So you want to buy a printer. Well the first question you will need
to ask yourself, and answer is, what do I want to do with this printer?
In other words what do you want to print? Are you interested in printing
just typed reports, graphics, digital photos, or a little of each?
This is important to know as it will help guide your buying decision
based on the features you need/want.
There are two main types of printers available for the mainstream consumer,
laser and inkjet. I am not going to get into depth on the technical differences
of these printers but I will quickly describe the main differences. A laser printer works by applying a fine powder, referred to as toner, to the paper
in areas marked by a laser. Laser printers have become very affordable and
are very economical per print. These are great printers for reports and basic
graphics like charts. Typically laser printers are black and white, but color
laser printers have been showing up in retail stores for a couple years now.
Inkjet printers on the other hand use a liquid ink in the form of a dye
or pigment, depending on quality and purpose of the printer. Because inkjet
printers use a liquid ink, colors are able to blend on the paper, making
very smooth colors, great for photographs, and detailed graphics. So in a
nutshell, if you are going to be printing reports look into buying a laser
printer and if you are going to be printing photographs look into getting
an inkjet printer. Where it becomes a bit confusing is if you are going to
be printing both reports and photos. If this is your situation you have two
options, 1) buy an inkjet printer. You will get the best photo quality, far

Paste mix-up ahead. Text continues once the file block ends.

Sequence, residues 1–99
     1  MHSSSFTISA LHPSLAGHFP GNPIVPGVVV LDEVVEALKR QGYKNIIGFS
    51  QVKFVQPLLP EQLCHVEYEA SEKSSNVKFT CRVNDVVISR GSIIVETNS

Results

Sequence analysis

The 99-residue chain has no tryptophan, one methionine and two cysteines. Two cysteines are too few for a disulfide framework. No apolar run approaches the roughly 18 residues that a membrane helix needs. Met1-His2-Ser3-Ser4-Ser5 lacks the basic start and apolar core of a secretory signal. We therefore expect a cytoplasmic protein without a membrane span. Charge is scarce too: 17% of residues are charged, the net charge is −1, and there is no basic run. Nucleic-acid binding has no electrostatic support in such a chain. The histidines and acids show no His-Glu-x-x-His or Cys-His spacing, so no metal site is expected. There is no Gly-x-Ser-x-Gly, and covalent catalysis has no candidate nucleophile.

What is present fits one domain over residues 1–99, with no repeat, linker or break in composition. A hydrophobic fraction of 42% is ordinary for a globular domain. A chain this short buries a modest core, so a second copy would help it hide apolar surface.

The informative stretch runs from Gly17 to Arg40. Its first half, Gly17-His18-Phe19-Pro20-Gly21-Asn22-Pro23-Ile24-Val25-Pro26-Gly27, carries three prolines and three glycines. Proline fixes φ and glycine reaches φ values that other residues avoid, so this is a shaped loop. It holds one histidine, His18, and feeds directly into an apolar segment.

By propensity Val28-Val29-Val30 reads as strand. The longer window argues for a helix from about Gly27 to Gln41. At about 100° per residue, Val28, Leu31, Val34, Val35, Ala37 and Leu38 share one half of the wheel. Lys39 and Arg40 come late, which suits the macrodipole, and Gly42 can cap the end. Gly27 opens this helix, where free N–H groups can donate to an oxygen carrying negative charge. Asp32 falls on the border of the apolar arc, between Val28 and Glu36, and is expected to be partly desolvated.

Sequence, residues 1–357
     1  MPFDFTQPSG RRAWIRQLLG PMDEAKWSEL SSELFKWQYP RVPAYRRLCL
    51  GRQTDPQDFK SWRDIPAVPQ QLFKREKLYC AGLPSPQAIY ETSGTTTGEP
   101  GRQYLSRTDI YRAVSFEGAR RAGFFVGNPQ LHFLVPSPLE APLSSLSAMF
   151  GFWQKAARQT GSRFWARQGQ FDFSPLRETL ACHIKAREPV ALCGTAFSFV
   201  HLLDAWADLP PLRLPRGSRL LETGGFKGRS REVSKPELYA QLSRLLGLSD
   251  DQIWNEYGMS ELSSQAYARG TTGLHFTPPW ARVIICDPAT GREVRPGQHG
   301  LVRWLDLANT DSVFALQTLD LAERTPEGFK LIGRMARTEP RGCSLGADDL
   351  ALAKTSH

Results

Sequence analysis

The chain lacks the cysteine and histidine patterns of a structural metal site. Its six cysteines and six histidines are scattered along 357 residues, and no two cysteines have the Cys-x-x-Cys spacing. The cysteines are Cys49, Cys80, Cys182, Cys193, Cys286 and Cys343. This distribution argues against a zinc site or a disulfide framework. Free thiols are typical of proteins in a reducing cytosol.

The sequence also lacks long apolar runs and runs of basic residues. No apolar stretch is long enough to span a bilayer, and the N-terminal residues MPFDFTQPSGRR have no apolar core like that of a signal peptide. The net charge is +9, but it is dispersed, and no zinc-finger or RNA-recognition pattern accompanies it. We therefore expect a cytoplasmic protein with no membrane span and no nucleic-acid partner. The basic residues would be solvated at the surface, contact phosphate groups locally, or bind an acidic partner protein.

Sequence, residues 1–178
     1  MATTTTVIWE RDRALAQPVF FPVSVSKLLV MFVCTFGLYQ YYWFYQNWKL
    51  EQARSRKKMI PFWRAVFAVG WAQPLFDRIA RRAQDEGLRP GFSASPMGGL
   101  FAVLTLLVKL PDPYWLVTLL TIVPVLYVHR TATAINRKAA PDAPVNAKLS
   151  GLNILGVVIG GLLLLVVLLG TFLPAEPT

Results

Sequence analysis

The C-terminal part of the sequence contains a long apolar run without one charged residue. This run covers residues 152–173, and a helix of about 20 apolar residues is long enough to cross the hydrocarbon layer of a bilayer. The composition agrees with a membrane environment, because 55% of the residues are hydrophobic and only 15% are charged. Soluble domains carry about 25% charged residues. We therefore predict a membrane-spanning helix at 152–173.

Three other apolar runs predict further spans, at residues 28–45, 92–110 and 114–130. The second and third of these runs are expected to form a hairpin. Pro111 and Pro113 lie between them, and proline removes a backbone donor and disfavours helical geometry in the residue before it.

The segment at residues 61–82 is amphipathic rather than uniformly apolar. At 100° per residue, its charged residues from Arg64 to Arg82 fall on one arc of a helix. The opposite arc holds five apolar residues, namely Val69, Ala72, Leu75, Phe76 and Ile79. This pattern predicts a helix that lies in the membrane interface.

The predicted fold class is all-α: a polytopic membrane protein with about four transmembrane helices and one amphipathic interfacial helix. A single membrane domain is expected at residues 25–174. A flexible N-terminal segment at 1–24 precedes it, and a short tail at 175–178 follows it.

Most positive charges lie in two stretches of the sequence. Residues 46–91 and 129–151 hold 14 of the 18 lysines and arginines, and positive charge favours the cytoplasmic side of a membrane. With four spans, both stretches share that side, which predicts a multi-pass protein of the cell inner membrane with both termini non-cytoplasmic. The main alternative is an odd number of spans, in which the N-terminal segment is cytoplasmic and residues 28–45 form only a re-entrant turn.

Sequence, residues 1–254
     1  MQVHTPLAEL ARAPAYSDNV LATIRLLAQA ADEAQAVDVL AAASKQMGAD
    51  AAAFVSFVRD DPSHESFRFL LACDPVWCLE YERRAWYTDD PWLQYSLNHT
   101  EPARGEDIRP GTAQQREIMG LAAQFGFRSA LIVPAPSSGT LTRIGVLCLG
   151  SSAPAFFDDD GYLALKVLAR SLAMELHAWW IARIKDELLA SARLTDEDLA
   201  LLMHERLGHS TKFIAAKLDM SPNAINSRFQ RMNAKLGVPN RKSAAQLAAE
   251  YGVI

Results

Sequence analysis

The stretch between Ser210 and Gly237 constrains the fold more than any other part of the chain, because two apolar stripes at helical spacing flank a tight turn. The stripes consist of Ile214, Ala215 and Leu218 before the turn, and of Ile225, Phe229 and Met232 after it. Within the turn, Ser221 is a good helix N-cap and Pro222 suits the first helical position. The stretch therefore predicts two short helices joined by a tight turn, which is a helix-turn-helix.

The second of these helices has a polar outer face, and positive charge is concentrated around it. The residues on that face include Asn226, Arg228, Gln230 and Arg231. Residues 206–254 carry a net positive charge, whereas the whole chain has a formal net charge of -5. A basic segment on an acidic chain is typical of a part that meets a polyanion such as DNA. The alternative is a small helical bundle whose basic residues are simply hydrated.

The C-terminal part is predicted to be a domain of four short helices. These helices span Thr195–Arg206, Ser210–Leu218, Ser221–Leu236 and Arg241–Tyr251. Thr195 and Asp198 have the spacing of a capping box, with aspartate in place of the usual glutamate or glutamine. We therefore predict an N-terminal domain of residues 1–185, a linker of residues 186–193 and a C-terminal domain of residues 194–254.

better than even the best color laser printer you could buy, and the text
quality will be good. The down side to this is ink jet printers tend to be
more expensive per print, by a few cents, so if you are going to be doing
a lot of text printing you might want to read option two. 2) get both a laser
and an inkjet printer. This will offer you the best text quality possible
and save your inkjet printer for your photos. This is what I do, but then
again I also take printing my digital photos very seriously.
So on to some actual recommendations. If you want to print photographs,
and get the absolute best quality, there is really only one option as far
as I and many other photographers are concerned, Epson makes the best photo
inkjet printers on the market. The prints from these printers are archival,
meaning if kept in good conditions, they can last as long as traditional
photographs. Epson also uses pigment based inks in most of its printers,
making for longer lasting more durable prints. I have had personal experience
with many of Epson’s printers. The R800 is a great printer for the
home, up to 8.5 x 11 inches and banner sized prints, using Epson’s
pigment UltraChrome inks. I haven’t had any personal experience with
the printers Epson has recently come out with a few new models advertised
photo printers. I don’t think the print quality will
be much clearer or better than the R800 but the printers offer some interesting
automatic photo adjustments while printing to aide in getting that perfect
print. These printers look like they would be good for a home user who wants
to have fun and not worry about having to edit their prints on a computer
first. If you are looking to print larger than 8.5 x 11 inches then there
is the Epson
2400, up to 13 x 19 inches, using the latest inks available,
UltraChrome K3. K3 stands for 3 levels of black. You photographers out there
will like this because this printer will print true photographic black and
white archival prints.
Ok so enough about hi end photo printers. If you are looking for something
that will do well with photos and text, honestly, HP does
a great job and will keep the cost down from the higher end photo printers.
Check out HP’s
selection of Home
inkjets. As for laser printers I can recommend two brands,
HP again and Samsung, both make very excellent laser printers. They
also both make multi function printers, allowing you to print, scan, copy,
fax, are common features.